Trust is key to HNW market

By Steven Lamb | October 27, 2010 | Last updated on October 27, 2010
3 min read

It is the cornerstone of every successful relationship, whether it’s with your spouse, your doctor or your client. So why aren’t all advisors masters at building trust?

“Trust is cumulative; it is not built in a day, it is built over time,” said Joe Calabrese, president of Harris myCFO, speaking at the Strategy Institute’s 12th annual Marketing Wealth Management Services to High Net Worth Individuals Summit.

“The importance of trust should be obvious. The more client’s trust you, the less they will second guess you, the less they will grind you on prices or fees,” he explained. “If they do trust you, they are more likely to refer you business, take your calls and forgive the occasional mistake.”

Despite the importance of trust in the advisor-client relationship, avoidable mistakes are still being made. Among these, an over-emphasis on investment returns, opaque compensation structures and a product, rather than service, orientation.

The good news is there are only a few variables that the advisor must master to nurture client trust, and advisors generally have a high degree of control over these variables.

Trust is built upon three pillars: technical competence and know how; ethical conduct and character; and empathy and maturity.

Among these elements of trust, the advisor has the most control over competence, as additional training and education builds up one’s skill sets.

Many advisors underestimate the importance clients place on knowledge. Calabrese points to a study that found 26% of advisors believed it was the most important factor in serving a client well, compared to 47% of clients.

It comes down to a simple question in the mind of the client: Can I trust that you know what you are doing?

He also draws a distinction between knowledge and competence: it is not enough to present the client with the information you know – it must be presented in the context of understandable advice.

Also largely in the advisor’s control is his or her ethical conduct and character, but the client’s perception of these factors can be easily distorted. The advisor must be aware of the reputation of his or her firm, as that will have an impact on the advisor’s own reputation.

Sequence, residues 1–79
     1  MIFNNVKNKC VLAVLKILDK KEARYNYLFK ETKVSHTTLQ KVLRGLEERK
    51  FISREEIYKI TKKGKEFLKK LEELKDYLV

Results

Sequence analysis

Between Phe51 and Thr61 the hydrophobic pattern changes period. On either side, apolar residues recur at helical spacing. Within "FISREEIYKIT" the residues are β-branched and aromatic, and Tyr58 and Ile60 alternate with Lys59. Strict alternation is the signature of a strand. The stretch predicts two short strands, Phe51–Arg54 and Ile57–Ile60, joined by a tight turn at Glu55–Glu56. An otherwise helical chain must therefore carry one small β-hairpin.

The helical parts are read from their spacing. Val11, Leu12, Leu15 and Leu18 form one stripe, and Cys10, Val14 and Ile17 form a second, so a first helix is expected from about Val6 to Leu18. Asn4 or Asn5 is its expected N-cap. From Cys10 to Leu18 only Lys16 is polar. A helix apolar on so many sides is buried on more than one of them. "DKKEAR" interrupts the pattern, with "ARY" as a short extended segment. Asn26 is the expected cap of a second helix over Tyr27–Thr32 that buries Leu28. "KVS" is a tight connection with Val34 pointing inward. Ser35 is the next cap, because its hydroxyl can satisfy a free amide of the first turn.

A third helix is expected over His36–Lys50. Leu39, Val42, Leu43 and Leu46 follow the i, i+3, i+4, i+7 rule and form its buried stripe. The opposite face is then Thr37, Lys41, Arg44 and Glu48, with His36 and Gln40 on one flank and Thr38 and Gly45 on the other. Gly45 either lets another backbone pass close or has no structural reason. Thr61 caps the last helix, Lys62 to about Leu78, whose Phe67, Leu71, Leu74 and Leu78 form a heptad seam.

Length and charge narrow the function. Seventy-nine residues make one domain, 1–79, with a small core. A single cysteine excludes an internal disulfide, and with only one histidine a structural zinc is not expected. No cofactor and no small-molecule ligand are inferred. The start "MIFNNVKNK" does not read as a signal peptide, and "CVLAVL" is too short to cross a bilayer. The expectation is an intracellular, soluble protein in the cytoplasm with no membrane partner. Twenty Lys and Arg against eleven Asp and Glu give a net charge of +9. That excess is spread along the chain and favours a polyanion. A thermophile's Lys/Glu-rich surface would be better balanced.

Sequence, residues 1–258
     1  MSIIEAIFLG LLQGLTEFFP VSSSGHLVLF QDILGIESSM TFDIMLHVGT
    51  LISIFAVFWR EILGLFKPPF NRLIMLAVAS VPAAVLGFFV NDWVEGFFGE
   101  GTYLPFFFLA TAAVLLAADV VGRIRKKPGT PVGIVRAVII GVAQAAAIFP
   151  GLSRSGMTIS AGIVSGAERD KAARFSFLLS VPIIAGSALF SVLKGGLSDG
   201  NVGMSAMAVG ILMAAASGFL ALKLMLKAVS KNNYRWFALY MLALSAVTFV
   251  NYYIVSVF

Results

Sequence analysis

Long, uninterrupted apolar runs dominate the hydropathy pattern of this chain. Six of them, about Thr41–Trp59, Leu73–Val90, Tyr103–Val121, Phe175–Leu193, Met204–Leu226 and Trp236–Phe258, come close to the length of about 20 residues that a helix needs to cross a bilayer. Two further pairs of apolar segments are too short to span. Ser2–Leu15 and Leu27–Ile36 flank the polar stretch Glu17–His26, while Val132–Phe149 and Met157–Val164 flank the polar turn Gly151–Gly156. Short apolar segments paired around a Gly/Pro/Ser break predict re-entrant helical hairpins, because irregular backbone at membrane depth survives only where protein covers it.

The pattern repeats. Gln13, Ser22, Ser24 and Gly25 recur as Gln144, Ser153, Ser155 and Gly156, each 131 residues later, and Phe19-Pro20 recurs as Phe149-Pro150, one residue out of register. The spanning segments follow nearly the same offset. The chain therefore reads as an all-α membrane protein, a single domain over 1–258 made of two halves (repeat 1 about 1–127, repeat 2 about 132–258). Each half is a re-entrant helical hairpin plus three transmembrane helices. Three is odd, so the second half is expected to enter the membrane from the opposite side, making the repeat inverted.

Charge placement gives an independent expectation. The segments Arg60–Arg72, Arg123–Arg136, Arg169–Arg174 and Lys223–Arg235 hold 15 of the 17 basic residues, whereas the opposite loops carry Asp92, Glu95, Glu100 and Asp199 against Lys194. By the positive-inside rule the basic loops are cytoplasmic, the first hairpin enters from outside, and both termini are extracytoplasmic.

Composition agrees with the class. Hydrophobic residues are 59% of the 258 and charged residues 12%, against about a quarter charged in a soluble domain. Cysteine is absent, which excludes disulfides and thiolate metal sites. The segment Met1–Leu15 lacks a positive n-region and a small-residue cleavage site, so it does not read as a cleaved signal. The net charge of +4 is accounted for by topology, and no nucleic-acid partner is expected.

The question in the client’s mind is: Can I trust that will not steal my money?

Perhaps the most sensitive element of trust, however, is the level of empathy and maturity the advisor projects. Calabrese defines these characteristics as the ability to integrate financial and personal information, and the ability to handle personal information with tact.

The underlying question for the client on empathy is: If I tell you personal things about myself or my family, can I trust you to handle it well.

This can be a double-edged sword, however, as the client will be less trusting if they feel their advisor’s empathy is a veneer put forth simply to facilitate the sale of a product.

Often trust can be unduly eroded by an advisor’s business model, and pricing practices can taint the trust of the high net worth client.

“If you were to lay out your compensation model to a client, would there be anything built into that compensation framework that would give the client the appearance that what you advise them on might not be in their best interest?” he asked.

“Which client wouldn’t have a preference for an advisor who’s totally independent and objective, versus an advisor whose primary motivation is self-oriented?”

He points to the formula presented in The Trusted Advisor, by David H. Maister, Charles H. Green and Robert M. Galford, which states trust is built up by competence, intimacy and reliability, but is undermined by self-orientation.

Calabrese says the sense of self-orientation can be based on pricing practices, compensation structure and a focus on product, rather than advice. The perception alone of self-orientation can be enough to drive a wedge between the client and the advisor, and probably endangers the relationship.

“If clients perceive that your actions are motivated by self, rather than them, it can have an irreparable impact on the trust equation,” he says.


Steven Lamb